They also prioritized watering for plants and trees in the park’s most popular areas, and those it considers most historic, “horticulturally important” or that have been dedicated in someone’s honor.
Still, many trees haven’t survived or are dying. Others have fallen during storms. Some in less trafficked areas have been left to dry up.
Smith said city workers and volunteers planted nearly 100 trees this winter to replace those that have been lost. The newer trees are more drought-appropriate, he said.
They also recently changed out 45,000 square feet of turf on Park Boulevard medians and replaced them with drought-tolerant plants and drip irrigation Smith expects will save the city at least 500,000 gallons of water annually.
The nonprofit Friends of Balboa Park has marshaled donations and volunteers to help the city make big shifts through its Adopt-a-Plot program, among other numerous efforts. Other groups such as the Balboa Park Conservancy have assisted, too.
Yet water-wise switches also leave big questions for a park known for its greenery and horticulture.
Pat Caughey, chairman of the Friends of Balboa Park board, said the city and those who love the park will have to make a more philosophical decision over the long haul about the future of the unique, lush plants and trees that can’t be found elsewhere in the city.
“The dilemma is, do you go from a water-intensive use landscape to a low-water use landscape? That’s part of the debate,” Caughey said. “Do you take out all the water-thirsty plants and put in drought-tolerant plants?”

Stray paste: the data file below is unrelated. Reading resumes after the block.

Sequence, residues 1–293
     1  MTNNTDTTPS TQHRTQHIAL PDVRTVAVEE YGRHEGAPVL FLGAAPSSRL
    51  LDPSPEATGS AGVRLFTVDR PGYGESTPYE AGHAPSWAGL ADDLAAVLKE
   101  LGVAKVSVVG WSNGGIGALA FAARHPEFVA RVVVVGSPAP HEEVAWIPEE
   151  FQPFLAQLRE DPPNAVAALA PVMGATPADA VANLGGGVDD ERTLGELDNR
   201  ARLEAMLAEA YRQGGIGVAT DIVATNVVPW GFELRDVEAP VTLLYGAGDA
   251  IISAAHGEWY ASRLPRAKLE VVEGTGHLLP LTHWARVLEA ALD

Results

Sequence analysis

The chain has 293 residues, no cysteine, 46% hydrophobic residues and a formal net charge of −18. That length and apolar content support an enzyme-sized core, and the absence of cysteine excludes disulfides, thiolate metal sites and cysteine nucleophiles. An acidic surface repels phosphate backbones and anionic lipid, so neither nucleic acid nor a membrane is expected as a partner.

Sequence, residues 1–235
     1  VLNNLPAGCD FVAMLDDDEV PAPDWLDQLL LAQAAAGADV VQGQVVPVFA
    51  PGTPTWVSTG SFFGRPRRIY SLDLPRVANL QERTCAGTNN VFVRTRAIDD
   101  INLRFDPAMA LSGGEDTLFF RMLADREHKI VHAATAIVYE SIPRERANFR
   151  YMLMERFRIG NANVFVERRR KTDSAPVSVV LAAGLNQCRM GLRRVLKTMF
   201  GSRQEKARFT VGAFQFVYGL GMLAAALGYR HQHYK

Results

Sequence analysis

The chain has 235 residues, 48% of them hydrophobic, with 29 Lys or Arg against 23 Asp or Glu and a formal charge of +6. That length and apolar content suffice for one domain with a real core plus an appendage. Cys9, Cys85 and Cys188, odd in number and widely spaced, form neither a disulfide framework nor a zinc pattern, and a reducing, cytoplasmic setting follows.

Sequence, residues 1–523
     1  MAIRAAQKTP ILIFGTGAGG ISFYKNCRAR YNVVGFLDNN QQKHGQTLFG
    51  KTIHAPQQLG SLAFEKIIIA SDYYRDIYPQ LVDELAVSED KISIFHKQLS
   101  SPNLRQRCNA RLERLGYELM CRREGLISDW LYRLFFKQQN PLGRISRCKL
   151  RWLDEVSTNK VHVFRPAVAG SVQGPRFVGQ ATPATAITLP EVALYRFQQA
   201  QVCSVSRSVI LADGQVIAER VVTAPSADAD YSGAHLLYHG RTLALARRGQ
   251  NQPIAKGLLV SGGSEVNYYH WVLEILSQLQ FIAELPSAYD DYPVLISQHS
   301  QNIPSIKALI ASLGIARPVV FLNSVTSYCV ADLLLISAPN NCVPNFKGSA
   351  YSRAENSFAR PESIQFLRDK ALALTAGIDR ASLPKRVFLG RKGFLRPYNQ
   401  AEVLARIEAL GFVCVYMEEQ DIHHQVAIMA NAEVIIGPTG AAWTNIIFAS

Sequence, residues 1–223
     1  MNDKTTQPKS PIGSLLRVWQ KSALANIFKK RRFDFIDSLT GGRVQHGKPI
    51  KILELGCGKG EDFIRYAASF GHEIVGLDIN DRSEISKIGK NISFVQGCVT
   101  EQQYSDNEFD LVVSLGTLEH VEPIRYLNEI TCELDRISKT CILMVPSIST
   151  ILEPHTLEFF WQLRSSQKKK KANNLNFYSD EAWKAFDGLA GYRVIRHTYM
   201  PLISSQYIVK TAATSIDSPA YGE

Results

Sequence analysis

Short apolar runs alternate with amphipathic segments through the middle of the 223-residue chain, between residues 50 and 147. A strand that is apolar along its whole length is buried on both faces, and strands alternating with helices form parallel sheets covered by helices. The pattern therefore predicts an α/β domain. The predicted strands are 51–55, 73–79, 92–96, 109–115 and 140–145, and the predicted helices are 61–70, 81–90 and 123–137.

Finding a place to park can be a headache.
Earlier this month, Janet K. Poutre headed to Balboa Park on a Thursday morning. Poutre, who serves on the city’s arts and culture commission, figured she’d find a spot within 10 minutes and have ample time to make it to the unveiling of the Museum of Art’s new outdoor art display at the Plaza de Panama.
She ended up crawling through five packed lots. Park Boulevard was full, too.
Poutre, who wore pointy-toed heels ill-suited for a hike across the park, ditched her plans and gave up after 20 minutes.
Balboa Park stakeholders say Poutre’s experience isn’t unusual and that it can lead would-be visitors to leave or avoid the park.
“A constant uncertainty exists about where to park, and how to reach the destination once parked,” consultants wrote in a 2006 parking management plan prepared for the city.
There have been various plans over the years to build a public parking garage to ease the strain and potentially restore some paved lots to parkland. There’s currently no funding to support those ideas.
Meanwhile, the city tries to steer visitors to the Inspiration Point and Presidents Way lots, which fall outside Balboa Park’s core, but are served by green shuttle every 15 minutes between 9 a.m. and 6 p.m. during the winter. Those lots tend to have more open spots but Peter Comiskey, who leads the Balboa Park Cultural Partnership, said even those fill up on the park’s busiest days.
Poutre acknowledged she didn’t think of the shuttle option earlier this month. Many others don’t either.
“I think what happens with locals is we think we know, so we don’t go to the website and check out what’s new at the park,” Poutre said.